Recently, Genworth Financial Inc (NYSE:GNW) has taken an initiative to create awareness among the Americans about the health care needs, particularly, long term, which is mostly sidelined by them. The company’s Chief Executive Officer, Tom Mclnemey discussesd in an interview on Bloomberg TV about the importance of the long term care and investor John Paulson‘s proposal to break the company into two parts, during an interview with Bloomberg.
Mclnemey said that the lack of longterm insurance among Americans has less to do with the financial crisis, but more of demographics. He stated that 10 million baby boomers are turning 65 everyday and that is going to continue till 2030, but still less than 10% of Americans have long term insurance.
“I think, it is a multiple problem, low rates and obviously healthcare costs are exploding for long term care. Today the average cost around the country for a private nursing home room is $87,000, it is growing over 4%. So in another 15-16 years, it would double.”
He added that a neglgible percentage of Americans really have any savings close to that. Mclnemey suggested that in order to bridge the gap, it is important for the citizens to start initiating talks within their family and earmark required funds towards this goal.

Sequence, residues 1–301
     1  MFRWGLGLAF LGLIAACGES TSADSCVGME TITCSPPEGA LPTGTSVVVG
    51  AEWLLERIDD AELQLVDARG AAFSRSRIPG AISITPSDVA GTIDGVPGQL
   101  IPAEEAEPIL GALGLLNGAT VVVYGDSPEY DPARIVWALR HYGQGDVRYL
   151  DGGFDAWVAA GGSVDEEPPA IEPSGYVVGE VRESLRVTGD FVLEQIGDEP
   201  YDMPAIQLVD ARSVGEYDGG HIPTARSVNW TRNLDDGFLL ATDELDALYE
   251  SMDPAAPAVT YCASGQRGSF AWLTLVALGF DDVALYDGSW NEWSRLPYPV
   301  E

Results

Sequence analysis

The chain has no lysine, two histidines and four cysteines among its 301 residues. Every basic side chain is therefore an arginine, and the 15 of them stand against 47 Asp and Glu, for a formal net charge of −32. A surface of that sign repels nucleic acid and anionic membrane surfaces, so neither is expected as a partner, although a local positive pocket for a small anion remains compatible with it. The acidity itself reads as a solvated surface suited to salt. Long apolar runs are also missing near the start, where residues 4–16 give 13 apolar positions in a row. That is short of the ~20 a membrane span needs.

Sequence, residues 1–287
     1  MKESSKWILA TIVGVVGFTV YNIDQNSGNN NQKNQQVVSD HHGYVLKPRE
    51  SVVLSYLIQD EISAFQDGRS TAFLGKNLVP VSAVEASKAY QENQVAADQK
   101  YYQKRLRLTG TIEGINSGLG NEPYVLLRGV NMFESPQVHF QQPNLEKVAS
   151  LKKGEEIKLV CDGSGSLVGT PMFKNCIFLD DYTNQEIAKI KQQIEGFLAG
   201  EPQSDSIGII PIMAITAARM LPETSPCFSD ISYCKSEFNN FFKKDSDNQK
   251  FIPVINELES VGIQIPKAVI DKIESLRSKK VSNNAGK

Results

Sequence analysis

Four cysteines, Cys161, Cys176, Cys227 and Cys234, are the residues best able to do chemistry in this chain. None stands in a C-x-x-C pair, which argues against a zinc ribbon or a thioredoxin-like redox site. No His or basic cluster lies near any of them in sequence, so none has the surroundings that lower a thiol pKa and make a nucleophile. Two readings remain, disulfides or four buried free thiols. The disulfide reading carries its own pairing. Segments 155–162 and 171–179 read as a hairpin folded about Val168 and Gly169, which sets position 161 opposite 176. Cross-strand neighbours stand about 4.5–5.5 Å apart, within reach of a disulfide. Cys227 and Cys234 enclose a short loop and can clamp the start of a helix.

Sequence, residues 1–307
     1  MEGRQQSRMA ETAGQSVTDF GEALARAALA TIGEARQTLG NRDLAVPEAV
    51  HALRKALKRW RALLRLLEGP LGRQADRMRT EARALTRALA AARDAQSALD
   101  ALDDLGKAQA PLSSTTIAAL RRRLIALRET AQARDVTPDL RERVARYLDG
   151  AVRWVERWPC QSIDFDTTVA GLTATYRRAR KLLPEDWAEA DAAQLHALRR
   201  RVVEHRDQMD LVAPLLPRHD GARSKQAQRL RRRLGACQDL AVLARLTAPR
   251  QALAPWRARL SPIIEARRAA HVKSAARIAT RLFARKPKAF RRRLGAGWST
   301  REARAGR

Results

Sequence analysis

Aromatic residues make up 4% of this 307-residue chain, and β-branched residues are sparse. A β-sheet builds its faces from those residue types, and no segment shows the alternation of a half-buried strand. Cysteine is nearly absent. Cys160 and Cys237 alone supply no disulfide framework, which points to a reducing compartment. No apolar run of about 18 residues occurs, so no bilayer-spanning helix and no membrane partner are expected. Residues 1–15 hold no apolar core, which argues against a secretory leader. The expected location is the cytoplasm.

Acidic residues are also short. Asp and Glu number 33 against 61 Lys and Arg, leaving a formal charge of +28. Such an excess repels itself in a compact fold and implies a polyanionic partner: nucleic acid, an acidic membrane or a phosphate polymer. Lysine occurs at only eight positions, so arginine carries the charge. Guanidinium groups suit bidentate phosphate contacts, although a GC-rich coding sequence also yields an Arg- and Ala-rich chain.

Genworth Financial Inc (NYSE:GNW) is driving its energy towards long term care awareness among Americans at a time when, giant competitors made an exit from the business on account of negligible profitability. When asked about the need of government regimen in place for the industry to work, Mclnemey replied that people in America depend way too much on formal Medicare or affordable Medicare, which actually does not have long term care. He said that Genworth Financial Inc (NYSE:GNW) is launching a product in July, where customers will be allowed to pick medical premiums, they could afford to buy.
Finally, when being asked about whether he would agree with investor and hedge fund manager, John Paulson to split Genworth Financial Inc (NYSE:GNW)’s business into two separate mortgages, Mclnemey said, “At this point no”, adding that there is a lot of space for improvement in both businesses.